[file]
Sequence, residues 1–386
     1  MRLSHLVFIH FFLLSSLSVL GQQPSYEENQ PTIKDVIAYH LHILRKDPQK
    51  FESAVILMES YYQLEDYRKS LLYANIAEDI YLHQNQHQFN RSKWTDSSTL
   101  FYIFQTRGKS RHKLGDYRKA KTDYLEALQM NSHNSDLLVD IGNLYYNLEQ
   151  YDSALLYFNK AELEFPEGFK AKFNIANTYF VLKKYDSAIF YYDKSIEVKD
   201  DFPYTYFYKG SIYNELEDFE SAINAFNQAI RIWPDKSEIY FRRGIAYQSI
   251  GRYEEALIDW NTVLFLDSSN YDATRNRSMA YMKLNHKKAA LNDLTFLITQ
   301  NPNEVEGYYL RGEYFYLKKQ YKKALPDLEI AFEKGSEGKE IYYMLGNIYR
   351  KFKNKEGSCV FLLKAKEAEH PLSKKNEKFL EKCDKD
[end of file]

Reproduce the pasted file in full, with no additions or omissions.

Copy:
Sequence, residues 1–386
     1  MRLSHLVFIH FFLLSSLSVL GQQPSYEENQ PTIKDVIAYH LHILRKDPQK
    51  FESAVILMES YYQLEDYRKS LLYANIAEDI YLHQNQHQFN RSKWTDSSTL
   101  FYIFQTRGKS RHKLGDYRKA KTDYLEALQM NSHNSDLLVD IGNLYYNLEQ
   151  YDSALLYFNK AELEFPEGFK AKFNIANTYF VLKKYDSAIF YYDKSIEVKD
   201  DFPYTYFYKG SIYNELEDFE SAINAFNQAI RIWPDKSEIY FRRGIAYQSI
   251  GRYEEALIDW NTVLFLDSSN YDATRNRSMA YMKLNHKKAA LNDLTFLITQ
   301  NPNEVEGYYL RGEYFYLKKQ YKKALPDLEI AFEKGSEGKE IYYMLGNIYR
   351  KFKNKEGSCV FLLKAKEAEH PLSKKNEKFL EKCDKD